Minimalism: How to Declutter Your Wardrobe and Mind




We are currently living in a digital age, with the internet, social media, and next-day delivery contributing to a culture of overconsumption. Everything we could want is at the end of our fingertips and at the tap of a screen. Our possessions and lifestyles are no longer about necessity, but superficiality and frivolity, and some industries have benefitted more than others from this shift in social values.


There is arguably no better example than the fashion industry. Due to the rise in online shopping, social media influencers and the emergence of ‘microtrends’, the fashion industry has seen a massive economic growth in the last few years. Clothing is now seen as a wear-once-and-throw-away commodity, meaning the demand for new items is constant and never-ending. Fashion brands have to continually create new garments, which creates new trends, and the cycle of fast fashion continues.


Minimalism is the fashion movement that fights against this over-consumption. At its core, minimalism strives for simplicity and space, and the belief that being surrounded by clutter, whether it be physical, mental or emotional, is stopping people from living their best lives. It’s often called the cure to ‘stuffocation’ (feeling suffocated by the sheer volume of clothes that you own), and consists of having fewer, but higher-quality, garments that can be mixed and matched, usually of a neutral tone and sustainable fabric.

3 Reasons why you should practice minimalism

1) The mental impact of buying excessive amount of clothing is damaging. People experience the stress of having to remain ‘fashionable’ all year round or risk feeling like a social pariah for not keeping up with the trends. Maintaining a rotation of clothes is exhausting, impacting mental wellbeing and peace of mind.


Minimalism argues that by taking choices away, you are limiting the time you have to overthink and analyse, creating a freer, healthier outlook on life. Essentially, having a less cluttered material life can lead to a less cluttered mind.

2) Minimalism also has a positive effect on the environment. Owning fewer pieces of clothing that last much longer, you are no longer contributing to the estimated 430,000 tonnes of clothing going into landfills every year. Since 64% of clothing contains plastic, this staggering number of wastage consists of clothing that will take a minimum of 200 years to decompose. Not only this, but more frequent washing which comes with the territory of owning a larger volume of clothes means these plastic fibres are floating around our oceans, being consumed by sea animals and passed along the food chain. These fibres have even been found in the mussels we eat.


Having a smaller collection of clothes means they are likely to be washed less and cared for more. If everyone became minimalists, it would disrupt the supply and demand chain of fast fashion brands, encouraging manufacturers to produce quality over quantity.


Minimalism is a way of joining the environmental revolution without holding a placard or changing your diet.

3) Practicing the art of minimalism can save you a lot of money. On average, people spend £600 on clothing a year. This is money that can be saved and put to good use in other aspects of life, just by stopping overconsumption and resisting the urge to follow every trend that emerges.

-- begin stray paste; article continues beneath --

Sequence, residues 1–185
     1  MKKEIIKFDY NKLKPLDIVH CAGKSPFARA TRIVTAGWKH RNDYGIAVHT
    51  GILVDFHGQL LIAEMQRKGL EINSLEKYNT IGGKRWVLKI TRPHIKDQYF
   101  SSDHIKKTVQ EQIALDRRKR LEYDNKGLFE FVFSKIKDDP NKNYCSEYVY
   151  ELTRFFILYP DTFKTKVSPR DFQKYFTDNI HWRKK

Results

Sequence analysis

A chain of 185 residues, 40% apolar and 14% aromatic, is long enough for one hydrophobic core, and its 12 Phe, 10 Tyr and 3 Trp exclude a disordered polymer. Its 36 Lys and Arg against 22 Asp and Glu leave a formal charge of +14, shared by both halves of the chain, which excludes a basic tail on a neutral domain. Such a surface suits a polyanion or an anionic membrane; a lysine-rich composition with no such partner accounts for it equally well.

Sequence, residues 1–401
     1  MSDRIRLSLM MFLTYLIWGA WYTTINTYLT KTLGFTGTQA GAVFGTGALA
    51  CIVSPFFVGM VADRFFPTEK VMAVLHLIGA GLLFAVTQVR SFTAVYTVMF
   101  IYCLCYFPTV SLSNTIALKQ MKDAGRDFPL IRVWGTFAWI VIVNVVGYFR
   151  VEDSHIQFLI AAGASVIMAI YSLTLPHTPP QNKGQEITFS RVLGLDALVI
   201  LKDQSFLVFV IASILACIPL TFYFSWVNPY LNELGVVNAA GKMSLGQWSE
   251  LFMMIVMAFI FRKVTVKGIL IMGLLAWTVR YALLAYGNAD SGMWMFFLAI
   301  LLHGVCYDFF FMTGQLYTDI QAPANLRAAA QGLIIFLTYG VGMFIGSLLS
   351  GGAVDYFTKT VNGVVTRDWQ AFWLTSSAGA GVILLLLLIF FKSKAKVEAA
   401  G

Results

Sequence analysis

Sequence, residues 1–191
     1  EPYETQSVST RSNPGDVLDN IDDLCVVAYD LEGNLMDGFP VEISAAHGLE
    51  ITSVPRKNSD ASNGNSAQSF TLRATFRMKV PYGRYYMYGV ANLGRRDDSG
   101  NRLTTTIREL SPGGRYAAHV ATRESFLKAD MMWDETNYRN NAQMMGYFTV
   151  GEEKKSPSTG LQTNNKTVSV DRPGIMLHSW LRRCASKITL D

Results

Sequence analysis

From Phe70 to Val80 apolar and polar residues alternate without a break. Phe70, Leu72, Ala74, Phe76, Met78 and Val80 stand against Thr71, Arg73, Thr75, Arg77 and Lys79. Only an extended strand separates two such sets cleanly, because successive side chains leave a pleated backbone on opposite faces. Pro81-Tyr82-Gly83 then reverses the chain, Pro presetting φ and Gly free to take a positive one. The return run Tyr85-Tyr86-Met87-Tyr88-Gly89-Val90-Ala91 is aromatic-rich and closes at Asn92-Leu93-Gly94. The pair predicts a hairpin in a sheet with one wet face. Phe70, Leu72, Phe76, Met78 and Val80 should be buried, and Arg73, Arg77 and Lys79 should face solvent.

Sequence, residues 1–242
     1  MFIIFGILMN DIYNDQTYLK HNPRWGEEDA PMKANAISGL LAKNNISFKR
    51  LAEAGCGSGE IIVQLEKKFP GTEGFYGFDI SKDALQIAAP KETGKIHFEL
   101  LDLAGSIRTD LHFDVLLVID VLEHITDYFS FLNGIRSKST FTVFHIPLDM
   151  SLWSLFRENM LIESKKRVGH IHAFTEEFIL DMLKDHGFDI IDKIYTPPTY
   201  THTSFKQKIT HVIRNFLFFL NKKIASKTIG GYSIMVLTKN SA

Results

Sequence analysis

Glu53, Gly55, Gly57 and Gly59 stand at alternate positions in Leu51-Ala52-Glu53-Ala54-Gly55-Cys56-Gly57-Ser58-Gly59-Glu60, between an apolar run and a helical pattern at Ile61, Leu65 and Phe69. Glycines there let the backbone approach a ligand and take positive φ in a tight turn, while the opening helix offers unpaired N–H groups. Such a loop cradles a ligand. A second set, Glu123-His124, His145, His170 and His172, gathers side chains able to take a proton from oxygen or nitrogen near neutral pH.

3 Steps to creating a minimalist wardrobe

The best way to practice minimalism is to create a capsule wardrobe. This refers to having a limited selection of interchangeable items that complement each other, often neutral in colour and consisting of classical designs that don’t go out of style. Typically, you would have only two or three pieces of each clothing item, such as basic t-shirts, jeans or trousers, jumpers, and dresses.

1) To get started, you need to plan out what you want your new wardrobe to contain. Study the items you love and regularly use in your clothes collection, asking yourself why that is. It could be because of the colour, fabric, style, or functionality. Look at your lifestyle and assess what items would serve you best; if you are a personal trainer for instance, you’ll probably need more sportswear than someone who works a 9-5 office job.


2) After this, there are two ways to start decluttering. You can take any item of clothing that you haven’t worn or is too small or too big, and compare it to your capsule wardrobe. If it doesn’t fit with the items you want to keep, either sell second-hand or donate to a charity where possible. In doing so, you are giving the clothes a second life.


Conversely, you could adopt the "KonMari" method. Coined and popularised by Marie Kondo, this method applies a philosophical approach to tidying, saying you should only keep things that ‘spark joy’. She says it’s “Not choosing what to discard but rather choosing to keep only the items that speak to your heart”. If some items 'spark joy' but don’t fit within your plan, that's okay. Lots of people keep a few sentimental things to start with, which they often find themselves letting go of later down the line.

Wanting to keep a fancy suit or dress for a special occasion? Try companies such as Girl Meets Dress that hire out their party wear, meaning you don’t have to buy or keep anything that will only be used a couple of times.


3) A simple wardrobe doesn’t have to be boring! Add patterns if you want to, but make sure they are timeless ones, such as spots or stripes. Accessories and bags should also be sorted through, but if you want to be bold, pick a slightly brighter colour so that you still stand out in the crowd.

And that's it! You are officially on your way to a minimalist lifestyle. If you get itchy fingers and want to go on a spending spree again, just stop and take a second. Remember why you are doing it, and the benefits you receive. Because I promise it's worth it.


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